The Biden administration and chipmaking CEOs have been lobbying Congress for months to approve the CHIPS Act, which would give billions of dollars to the Semiconductor industry. The act includes subsidies for chipmakers and incentives for scientific research and development to bolster the U.S.

The Chips Act was expected to pass the U.S. House of Representatives before Congressional Democrats changed their minds. Shortly after the Senate passed the Chips Act, Senator Joe Manchin (D-W.Va.) revealed his support for a separate spending package that revives elements of President Biden's "build back better" agenda. The comprehensive spending package seemed to be dead without the support of the Senate Republicans. House Republicans may be urged to vote against the Chips Act in order to retaliate against Nancy Pelosi and the Democrats who passed the bill.

What’s in the Chips and Science Act

The funding was supposed to be approved before Congress went on a break. Semiconductor manufacturers like Intel Corporation, Taiwan Semiconductor Manufacturing Corporation, and GlobalWafers have pledged billions of dollars in U.S. based projects but say the investments are contingent on getting US government money

The Senate voted to fund the #CHIPSAct and advance American leadership in chip manufacturing and research and development. The Philadelphia Semiconductor Index increased by 4.8% after the vote.

McConnell was one of 16 Republicans who voted in favor of the bill. Republicans who voted against the Chips Act were criticized for not doing enough to bar funding recipients from investing in China. The money was a blank check to already-profitable companies, according to Sen.

Key House Republican representatives like Michael McCaul (R-Texas) and John Katko (R-N.Y.), who serve as ranking members on the Foreign Affairs and Homeland Security subcommittees respectively, support funding the Semiconductor Manufacturing Subcommittee.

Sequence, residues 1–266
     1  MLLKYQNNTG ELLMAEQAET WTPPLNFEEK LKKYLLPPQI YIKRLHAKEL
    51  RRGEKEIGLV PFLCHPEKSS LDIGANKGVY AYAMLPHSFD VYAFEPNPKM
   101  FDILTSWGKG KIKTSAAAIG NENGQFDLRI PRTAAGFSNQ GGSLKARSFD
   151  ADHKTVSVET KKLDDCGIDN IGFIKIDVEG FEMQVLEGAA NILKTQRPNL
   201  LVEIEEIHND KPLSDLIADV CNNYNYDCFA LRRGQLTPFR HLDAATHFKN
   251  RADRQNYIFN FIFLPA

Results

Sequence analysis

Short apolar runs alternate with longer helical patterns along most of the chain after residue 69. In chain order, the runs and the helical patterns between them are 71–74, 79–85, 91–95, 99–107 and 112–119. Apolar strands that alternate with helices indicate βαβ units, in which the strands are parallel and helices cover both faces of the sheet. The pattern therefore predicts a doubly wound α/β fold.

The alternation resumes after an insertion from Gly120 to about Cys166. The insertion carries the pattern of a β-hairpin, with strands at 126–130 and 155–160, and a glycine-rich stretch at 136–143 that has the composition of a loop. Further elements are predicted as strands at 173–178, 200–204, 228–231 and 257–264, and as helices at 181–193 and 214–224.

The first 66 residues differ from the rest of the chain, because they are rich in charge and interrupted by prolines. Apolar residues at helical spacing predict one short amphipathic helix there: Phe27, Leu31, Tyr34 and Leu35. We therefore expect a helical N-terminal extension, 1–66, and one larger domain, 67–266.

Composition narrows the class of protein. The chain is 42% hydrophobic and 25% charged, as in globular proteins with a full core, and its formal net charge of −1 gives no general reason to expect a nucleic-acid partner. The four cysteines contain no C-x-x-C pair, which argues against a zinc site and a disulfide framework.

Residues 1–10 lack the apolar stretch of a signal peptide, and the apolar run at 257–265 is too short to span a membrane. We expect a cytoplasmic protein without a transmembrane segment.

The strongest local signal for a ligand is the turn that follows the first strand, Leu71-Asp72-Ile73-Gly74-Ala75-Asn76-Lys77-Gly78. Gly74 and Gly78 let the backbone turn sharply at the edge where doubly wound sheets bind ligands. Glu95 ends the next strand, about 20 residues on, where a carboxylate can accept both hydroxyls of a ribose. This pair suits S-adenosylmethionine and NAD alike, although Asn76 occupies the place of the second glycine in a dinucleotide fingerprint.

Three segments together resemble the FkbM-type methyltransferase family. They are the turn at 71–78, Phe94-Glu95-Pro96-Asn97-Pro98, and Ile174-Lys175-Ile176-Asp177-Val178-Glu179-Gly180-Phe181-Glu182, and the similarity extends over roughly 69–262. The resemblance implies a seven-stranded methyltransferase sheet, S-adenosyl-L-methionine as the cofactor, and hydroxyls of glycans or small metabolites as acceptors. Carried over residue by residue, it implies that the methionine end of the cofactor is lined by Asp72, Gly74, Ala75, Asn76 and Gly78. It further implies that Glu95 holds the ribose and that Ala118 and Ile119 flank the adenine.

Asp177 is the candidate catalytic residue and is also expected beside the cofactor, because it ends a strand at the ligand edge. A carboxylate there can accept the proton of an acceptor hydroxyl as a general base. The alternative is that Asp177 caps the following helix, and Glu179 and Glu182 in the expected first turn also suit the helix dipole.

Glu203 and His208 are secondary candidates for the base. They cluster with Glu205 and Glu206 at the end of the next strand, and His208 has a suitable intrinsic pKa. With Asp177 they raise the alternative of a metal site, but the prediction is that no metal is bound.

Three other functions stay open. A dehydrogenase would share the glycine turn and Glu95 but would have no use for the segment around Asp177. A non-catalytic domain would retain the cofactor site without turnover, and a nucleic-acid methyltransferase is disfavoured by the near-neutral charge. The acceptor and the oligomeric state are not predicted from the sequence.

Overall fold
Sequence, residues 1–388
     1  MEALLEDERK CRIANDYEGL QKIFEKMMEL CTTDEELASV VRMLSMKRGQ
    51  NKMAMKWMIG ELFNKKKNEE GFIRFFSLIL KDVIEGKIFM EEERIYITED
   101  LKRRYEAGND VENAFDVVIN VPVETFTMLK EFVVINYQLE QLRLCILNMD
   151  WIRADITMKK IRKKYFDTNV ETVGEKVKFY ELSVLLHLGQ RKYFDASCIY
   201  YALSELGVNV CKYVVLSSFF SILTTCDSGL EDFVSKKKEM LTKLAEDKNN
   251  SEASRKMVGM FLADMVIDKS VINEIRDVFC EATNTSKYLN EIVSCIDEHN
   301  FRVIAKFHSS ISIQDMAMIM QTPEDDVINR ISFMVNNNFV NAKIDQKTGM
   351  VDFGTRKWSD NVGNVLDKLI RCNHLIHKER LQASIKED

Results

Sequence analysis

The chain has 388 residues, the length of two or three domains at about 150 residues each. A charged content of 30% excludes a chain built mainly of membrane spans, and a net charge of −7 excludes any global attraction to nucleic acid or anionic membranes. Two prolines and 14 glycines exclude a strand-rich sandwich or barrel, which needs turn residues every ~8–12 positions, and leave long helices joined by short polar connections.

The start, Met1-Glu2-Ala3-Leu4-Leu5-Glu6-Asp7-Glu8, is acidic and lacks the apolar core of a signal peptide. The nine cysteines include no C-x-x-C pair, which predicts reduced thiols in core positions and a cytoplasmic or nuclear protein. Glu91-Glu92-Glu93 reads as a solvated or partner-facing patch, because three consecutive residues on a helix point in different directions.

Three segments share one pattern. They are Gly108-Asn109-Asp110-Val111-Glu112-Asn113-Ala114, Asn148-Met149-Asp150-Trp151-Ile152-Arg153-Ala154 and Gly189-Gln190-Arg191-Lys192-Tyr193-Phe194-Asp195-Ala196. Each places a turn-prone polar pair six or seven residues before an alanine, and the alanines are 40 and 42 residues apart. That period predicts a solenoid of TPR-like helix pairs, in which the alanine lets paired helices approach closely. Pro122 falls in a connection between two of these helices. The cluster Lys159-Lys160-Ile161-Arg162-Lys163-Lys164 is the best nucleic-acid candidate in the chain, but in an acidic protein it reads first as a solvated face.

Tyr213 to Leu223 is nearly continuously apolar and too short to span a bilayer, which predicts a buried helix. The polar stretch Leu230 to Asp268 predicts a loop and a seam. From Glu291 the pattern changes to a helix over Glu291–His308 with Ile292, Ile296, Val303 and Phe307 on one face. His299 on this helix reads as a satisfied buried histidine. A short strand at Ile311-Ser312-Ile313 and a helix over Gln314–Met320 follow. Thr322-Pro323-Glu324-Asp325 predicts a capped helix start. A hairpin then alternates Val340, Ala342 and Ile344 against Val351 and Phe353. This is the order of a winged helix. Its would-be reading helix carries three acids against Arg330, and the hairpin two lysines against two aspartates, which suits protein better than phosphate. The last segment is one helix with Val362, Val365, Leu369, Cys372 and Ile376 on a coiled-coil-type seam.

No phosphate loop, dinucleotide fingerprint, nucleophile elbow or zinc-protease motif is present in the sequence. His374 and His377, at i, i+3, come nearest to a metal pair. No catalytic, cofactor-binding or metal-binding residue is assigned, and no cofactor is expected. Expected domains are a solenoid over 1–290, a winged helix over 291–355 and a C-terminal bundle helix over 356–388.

Nancy Pelosi said on Friday that they have Republican support in the House. She predicted that a vote for the bill would be bipartisan.

Could the House vote against the bill?

The announcement by Manchin may affect the Chips Act. The Senate agreed to a separate spending package that included measures on health care, climate change, and corporate tax increases. The inflation reduction act is a slimmed down version of the president's build back better agenda

The Chips Act was tied to the spending package in order to get it through the Senate. McConnell said on July 1 that there would be no Republican votes for any Senate effort towards chips or other innovation related measures. Republicans relented after Manchin said on July 15 that he did not support fellow Democrats efforts to increase taxes or pass new climate measures.

Republicans felt like they got the raw end of the deal when Manchin changed his mind on Wednesday. According to a memo seen by The Hill, House Republican leadership told their members to vote against the Chips Act in response to Manchin's announcement.

The number of Republicans who will vote for the Chips Act may be limited by that. Gina Raimondo will meet with the Congressional Progressive Caucus on Thursday in order to convince them to support the bill.

The Chips Act funding was passed by the House on a party line. Several provisions that were not included in the Senate bill were included in the America Competes Act that was passed by the House. The only Republican to vote in favor of the bill was Adam Kinzinger.

The Chips Act could be voted on by the House as soon as Thursday. The White House will sign it if it passes the House.

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